Monday, February 18, 2013

Book Review: Raising a Modern-Day Knight

Last year in the post "Without Dad, Sons Drift," I mentioned I was reading Raising a Modern-Day Knight: A Father's Role in Guiding His Son to Authentic Manhood by Robert Lewis, and I promised to review it. Well, it has been several months but today I make good on that promise. I apologize for taking so long, but I was distracted by the birth of my son (the reason I started reading the book and the one whom I want to guide into authentic manhood). Warning: this is a long post because I summarize each chapter individually and intersperse my own comments throughout the review.

Lewis has divided his book into five major sections: “The Need for a Modern-Day Knighthood,” “The Knight and His Ideals,” “The Knight and His Ceremonies,” “The Knight and His Round Table,” and “The Knight and His Legacy.” I will go through each section, briefly summarize each chapter, and make some comments along the way.

In the first section Lewis describes the problem with manhood and the need for a solution. In chapter one, “Manhood: Don’t Let Your Sons Leave Home Without It,” he describes the problem with manhood in general and gives the basic direction of the book. He sees three problems facing boys today: they do not have a biblically grounded definition of manhood, fathers lack a directional process that calls sons to embrace manhood, and there is no ceremony formally commemorating teaching and calling to live as a man at various stages in a young man’s growth. Lewis and his friends went searching for these things, and they found a pattern in medieval knighthood and content in Scripture. He states, “Sons need fathers who are involved in their lives—dads who will love them, teach them, and discipline them. But clearly, sons also need a masculine vision. They need a manhood language. They need a ceremony. And, they need other men. Knighthood, as an outline, offers all this and more.” He parallels the three problems facing boys that he sees with what the knighthood pattern: knights had a set of ideals, they had a well-defined process to knighthood, and they had ceremonies marking their growth. From this pattern and Scriptural content, Lewis constructed this book.

In chapter two, “The Invisible Dad,” Lewis uses his own story, and the fallout of his alcoholic father on three sons, to describe the problem America and the rest of the world is facing: invisible dads. They are not all alcoholics. Some are working very hard to provide for their families, and there are others who have abandoned their families all together. The fallout is the same though: “the crippling impact... a disfigured masculinity with disastrous results.” Fathers must give their sons clear answers to the following questions: What is a man? What are a man’s responsibilities? What does a man believe? How does a man behave? What should a man try to achieve?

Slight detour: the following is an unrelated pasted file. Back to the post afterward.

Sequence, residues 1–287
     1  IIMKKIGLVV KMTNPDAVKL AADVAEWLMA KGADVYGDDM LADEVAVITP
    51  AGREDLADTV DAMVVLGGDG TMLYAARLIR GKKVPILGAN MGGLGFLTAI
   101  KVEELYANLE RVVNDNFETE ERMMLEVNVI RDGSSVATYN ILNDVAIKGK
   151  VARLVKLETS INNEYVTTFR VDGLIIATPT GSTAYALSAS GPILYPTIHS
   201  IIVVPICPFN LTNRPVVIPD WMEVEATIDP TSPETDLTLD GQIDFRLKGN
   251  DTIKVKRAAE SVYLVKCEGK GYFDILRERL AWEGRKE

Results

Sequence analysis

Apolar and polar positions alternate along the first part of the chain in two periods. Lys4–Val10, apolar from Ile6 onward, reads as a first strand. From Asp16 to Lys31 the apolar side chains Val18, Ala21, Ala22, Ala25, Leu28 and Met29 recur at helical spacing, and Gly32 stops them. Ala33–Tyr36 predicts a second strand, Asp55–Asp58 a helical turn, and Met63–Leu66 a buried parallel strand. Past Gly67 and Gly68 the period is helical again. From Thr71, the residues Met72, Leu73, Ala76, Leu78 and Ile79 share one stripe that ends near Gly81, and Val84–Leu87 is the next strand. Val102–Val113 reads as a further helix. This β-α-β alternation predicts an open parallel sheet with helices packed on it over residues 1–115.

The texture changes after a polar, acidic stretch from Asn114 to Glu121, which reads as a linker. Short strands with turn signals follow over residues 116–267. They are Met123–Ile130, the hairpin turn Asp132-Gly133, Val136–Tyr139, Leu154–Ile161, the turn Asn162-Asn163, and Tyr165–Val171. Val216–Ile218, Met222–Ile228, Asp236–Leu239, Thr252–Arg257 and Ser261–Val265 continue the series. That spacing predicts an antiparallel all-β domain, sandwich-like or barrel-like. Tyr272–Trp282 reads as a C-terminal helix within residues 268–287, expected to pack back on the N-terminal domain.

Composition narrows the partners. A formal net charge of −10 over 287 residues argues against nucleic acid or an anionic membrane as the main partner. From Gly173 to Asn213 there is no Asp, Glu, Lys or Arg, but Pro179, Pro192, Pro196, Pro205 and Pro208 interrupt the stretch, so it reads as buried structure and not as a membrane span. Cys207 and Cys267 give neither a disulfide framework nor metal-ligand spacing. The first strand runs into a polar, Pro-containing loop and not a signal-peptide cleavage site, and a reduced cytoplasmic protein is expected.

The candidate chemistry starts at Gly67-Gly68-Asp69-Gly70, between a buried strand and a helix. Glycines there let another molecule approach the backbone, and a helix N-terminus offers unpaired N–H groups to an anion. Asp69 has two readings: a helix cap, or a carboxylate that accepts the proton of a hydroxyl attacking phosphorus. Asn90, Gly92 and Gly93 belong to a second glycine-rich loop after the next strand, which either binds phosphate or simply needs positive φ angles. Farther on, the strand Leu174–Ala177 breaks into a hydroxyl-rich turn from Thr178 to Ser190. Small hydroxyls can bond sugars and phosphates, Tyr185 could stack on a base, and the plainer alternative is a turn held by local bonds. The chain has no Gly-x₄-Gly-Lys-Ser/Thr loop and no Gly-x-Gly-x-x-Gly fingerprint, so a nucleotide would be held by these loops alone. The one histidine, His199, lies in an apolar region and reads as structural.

In chapter three, “The Drift of Sons,” Lewis begins by telling the story of Jeffrey Dahmer and the book written by his father. He quotes from Jeffrey’s own father, Lionel, “And so I wasn’t there to see him begin to sink into himself. I wasn’t there to sense, even if I could have sensed it, that he might be drifting towards that unimaginable realm of fantasy and isolation that it would take nearly thirty years to recognize.” Now, Lewis is not claiming all boys with absent or invisible dads will become serial killers, but he is pointing out that when dad is absent sons begin to sink into themselves and they begin to drift. He goes on to talk about a proverb, Proverb 17:6, “Grandchildren are the crown of the aged, and the glory of children is their fathers.” First, he points out that grandchildren being a crown shows that they are the honor and delight of grandfather’s—a sense of achievement and completion. Second, he emphasizes the second part of the verse: fathers are the source of glory, delight, boasting for their sons. “He possesses an authority that is both inexplicable and awesome. For this reason few things are more important to a boy—or a man—than a touch, or a smile, or a word of encouragement from Dad.” Furthermore, a father’s presence—emotional, spiritual, and physical—gives life to a boy. It anchors him but without it, he drifts. Furthermore, simply presence and love are not enough. They are good but not the best things. The set of ideals every son needs includes a vision for manhood, a code of conduct, and a transcendent cause. Without these, even with love and presence, boys will drift.